(c) Transactional-contractual indemnification versus insurance. Judge Stern also rejected, on law of the case grounds, defendants' argument that "an indemnitor becomes [sic] the ultimate risk of loss vis-a-vis an insurer." 635 F.Supp. at 1400. According to Judge Stern,

    The Third Circuit explicitly considered this possibility in Dome II and rejected it: `In this case, there is no indication of any mandatory public policy that would require that the risk of loss fall on a contractual indemnitor as opposed to an insurer ... [.] Thus we conclude that Dome and First Jersey were free to place contractually the ultimate risk of loss upon Employers to the extent permitted by Employers' policy with First Jersey.' Dome II, 767 F.2d at 46. For purposes of this litigation, therefore, the question is settled. Zenith Labs, Inc. v. Carter-Wallace, Inc., 64 F.R.D. 159, 164 (D.N.J.1974), aff'd, 530 F.2d 508 (3d Cir. 1976), cert. denied, 429 U.S. 829, 97 S. Ct. 85, 50 L. Ed. 2d 91 (1976) (describing the doctrine of law of the case).

    Id. The above-quoted passage from Dome II does not foreclose the "possibility" that the indemnitor, rather than the insurer, bears the ultimate risk of loss. Rather, the *983 Third Circuit foreclosed such a holding on the basis of mandatory public policy but expressly withheld judgment as to how, in the absence of an intent by Employers to be the ultimate risk bearer, the application of suppletive rules of law would allocate the risk. Dome II, 767 F.2d at 47.

    Judge Stern also pointed out that the cases defendants cited in support of their indemnitor-versus-insurer argument were off point because "the indemnification agreements they concern did not contain subrogation clauses." 635 F.Supp. at 1401. This distinction does not dispose of these cases, however, if they provide for a suppletive rule that does not rely on the insurer's right to subrogation. If they do rely on the insurer's right to subrogation, then, as Judge Stern implied, they cannot aid defendants because both the Policy and the Depositary Agreement contain subrogation clauses.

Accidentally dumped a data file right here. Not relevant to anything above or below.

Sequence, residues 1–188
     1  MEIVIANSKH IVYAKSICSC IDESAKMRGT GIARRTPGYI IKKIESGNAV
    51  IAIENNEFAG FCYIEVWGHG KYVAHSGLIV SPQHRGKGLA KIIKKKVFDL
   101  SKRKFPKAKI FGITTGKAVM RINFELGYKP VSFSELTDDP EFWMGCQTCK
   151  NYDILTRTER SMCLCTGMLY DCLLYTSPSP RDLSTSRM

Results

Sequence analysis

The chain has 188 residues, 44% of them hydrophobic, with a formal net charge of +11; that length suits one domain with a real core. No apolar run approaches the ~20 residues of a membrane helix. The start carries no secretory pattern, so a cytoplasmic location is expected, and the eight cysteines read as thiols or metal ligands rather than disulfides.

In the only New Jersey case cited by defendants, the insurer reserved subrogation rights in its policy. Brewster & Son, Inc. v. Catalytic Constr. Co., 17 N.J. 20, 27, 109 A.2d 805 (1954). In another of defendants' cited cases, the insurer enjoyed an equitable right to subrogation. Maryland Casualty Co. v. Gough, 146 Ohio St. 305, 65 N.E.2d 858, 864-65 (1946). In two cases, the courts relied on other cases in which the insurer of an indemnitee was subrogated to the indemnitee's rights against the indemnitor. Spurr v. LaSalle Constr. Co., 385 F.2d 322, 331 (8th Cir. 1967) (citation omitted); North Central Airlines v. City of Aberdeen, 370 F.2d 129, 134 (1966) (citation omitted).

    Finally, in Lesmark, Inc. v. Pryce, 334 F.2d 942 (D.C.Cir.1964), the indemnitor was held liable despite the existence of insurance and without any reference to the insurer's right to subrogation. The court noted the basis for its holding: "The indemnitor is not relieved from liability either on the theory [1] that the insurer is entitled to reimbursement out of the indemnitee's recovery, or [2] that the defendant should not benefit from a contract providentially made and paid for by the plaintiff." Id. at 945 n. 7 (quotation and citations omitted). This first rationale reduces to the conclusion that the insurer is subrogated to claims by the insured/indemnitee against the indemnitor. The second rationale does not fully explain why the insurer must prevail over the indemnitor; however, it is consistent with the Court's conclusion above that the insured/indemnitee should be permitted to enjoy the benefits of insurance as well as indemnification. Thus, Lesmark supports defendants' position on grounds similar to the general-specific rule.

    E. The Affirmative Defenses

    1. Limitation of Suit Clause